I’m particularly interested in how the idea of Context-Appropriate Scaffolding Assemblages (CASA) might be implemented and subsequently make it easier for universities to learn how to do e-learning in much more interesting and effective ways.

What difficulties might arise?

The largest barrier is that this requires a mind-shift. A major mind shift. Modern organisations (at least those that still haven’t figured it out) like universities are built on a different mindshift. A NGL mindset is radically different. Different mindsets have been a barrier to reform – especially around computing – before. Pedaling a different mindset is a good way to set yourself up as “strange”.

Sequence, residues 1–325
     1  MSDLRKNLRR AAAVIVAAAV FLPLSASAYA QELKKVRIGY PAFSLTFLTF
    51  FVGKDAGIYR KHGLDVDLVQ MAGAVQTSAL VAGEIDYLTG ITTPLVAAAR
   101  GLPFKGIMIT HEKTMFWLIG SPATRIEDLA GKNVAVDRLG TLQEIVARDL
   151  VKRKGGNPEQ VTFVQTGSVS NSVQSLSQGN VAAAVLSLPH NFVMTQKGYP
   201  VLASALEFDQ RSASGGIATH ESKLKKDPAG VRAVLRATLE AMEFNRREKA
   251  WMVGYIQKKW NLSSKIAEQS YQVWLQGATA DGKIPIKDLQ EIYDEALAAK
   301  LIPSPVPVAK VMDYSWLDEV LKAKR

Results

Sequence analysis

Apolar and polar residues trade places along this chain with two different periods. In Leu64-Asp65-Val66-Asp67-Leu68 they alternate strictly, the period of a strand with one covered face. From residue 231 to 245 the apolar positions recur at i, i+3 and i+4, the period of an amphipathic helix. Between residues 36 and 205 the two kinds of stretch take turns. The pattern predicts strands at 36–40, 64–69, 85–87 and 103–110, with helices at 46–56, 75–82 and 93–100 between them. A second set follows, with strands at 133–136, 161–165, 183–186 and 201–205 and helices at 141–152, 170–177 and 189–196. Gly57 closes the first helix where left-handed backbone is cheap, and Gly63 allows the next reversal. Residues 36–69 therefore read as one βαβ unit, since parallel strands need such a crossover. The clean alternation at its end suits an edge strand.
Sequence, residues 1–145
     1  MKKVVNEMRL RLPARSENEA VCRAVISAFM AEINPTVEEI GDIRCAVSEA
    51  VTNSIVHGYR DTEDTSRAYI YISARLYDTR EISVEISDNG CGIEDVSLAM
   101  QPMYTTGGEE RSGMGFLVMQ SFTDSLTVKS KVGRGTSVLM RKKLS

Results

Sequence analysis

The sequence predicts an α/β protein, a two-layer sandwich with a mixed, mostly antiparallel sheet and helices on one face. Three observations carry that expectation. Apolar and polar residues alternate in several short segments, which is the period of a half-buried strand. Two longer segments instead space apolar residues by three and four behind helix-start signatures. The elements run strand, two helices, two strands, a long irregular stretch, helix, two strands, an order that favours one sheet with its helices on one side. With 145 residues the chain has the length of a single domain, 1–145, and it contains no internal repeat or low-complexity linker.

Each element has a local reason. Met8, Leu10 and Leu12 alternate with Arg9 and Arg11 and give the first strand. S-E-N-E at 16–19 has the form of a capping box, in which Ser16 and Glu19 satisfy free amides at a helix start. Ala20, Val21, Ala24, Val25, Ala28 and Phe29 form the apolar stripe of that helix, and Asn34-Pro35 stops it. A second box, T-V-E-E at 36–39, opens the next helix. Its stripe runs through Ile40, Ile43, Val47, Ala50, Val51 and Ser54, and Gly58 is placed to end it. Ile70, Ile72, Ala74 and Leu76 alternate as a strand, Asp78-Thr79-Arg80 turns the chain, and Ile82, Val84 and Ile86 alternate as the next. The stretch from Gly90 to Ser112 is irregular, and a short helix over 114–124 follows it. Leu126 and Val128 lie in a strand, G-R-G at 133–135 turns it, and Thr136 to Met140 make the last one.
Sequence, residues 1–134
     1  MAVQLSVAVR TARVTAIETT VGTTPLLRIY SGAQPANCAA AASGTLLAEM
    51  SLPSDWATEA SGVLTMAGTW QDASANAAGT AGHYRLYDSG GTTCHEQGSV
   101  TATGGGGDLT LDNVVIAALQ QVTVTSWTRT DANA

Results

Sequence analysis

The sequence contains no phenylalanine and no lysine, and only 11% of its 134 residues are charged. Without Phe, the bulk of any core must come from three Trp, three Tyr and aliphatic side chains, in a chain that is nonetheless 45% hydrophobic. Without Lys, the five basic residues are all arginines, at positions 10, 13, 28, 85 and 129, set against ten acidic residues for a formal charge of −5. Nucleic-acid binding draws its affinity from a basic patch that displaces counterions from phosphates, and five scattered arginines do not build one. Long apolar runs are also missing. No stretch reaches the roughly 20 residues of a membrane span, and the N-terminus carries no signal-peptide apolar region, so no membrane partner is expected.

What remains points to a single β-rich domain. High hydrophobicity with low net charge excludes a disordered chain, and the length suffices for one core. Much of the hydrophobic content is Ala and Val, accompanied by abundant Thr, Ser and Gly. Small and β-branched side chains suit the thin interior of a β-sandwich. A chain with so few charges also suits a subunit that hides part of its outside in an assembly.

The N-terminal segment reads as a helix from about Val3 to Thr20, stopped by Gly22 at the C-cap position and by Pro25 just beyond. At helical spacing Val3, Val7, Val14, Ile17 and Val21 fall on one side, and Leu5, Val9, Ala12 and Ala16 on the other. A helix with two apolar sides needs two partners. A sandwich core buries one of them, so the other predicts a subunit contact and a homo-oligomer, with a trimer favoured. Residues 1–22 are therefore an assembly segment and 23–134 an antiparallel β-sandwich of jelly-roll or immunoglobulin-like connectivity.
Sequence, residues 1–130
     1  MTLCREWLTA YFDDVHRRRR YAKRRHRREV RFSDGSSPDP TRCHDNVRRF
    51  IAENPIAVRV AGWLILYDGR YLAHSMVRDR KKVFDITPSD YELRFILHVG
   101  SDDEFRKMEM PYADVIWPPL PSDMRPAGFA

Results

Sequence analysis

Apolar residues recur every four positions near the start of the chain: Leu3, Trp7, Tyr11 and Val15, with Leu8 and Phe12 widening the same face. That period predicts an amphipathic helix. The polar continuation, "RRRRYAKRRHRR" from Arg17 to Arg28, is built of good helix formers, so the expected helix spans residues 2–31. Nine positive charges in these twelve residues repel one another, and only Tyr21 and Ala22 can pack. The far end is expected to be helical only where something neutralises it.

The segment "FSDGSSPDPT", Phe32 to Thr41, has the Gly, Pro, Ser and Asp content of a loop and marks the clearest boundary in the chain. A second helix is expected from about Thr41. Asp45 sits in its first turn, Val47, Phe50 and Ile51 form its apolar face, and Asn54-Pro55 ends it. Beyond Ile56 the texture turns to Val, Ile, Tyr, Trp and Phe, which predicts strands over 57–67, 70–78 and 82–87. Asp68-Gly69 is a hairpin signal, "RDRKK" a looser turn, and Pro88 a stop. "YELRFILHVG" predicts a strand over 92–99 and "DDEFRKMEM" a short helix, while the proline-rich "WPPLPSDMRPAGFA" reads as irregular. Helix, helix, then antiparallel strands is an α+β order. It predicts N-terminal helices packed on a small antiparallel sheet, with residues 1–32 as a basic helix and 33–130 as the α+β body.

Then there’s the question of workload. The selfish reason I’m interested in this problem is because I suffer from it. Too much make work, not enough capability to engage in meaningful learning.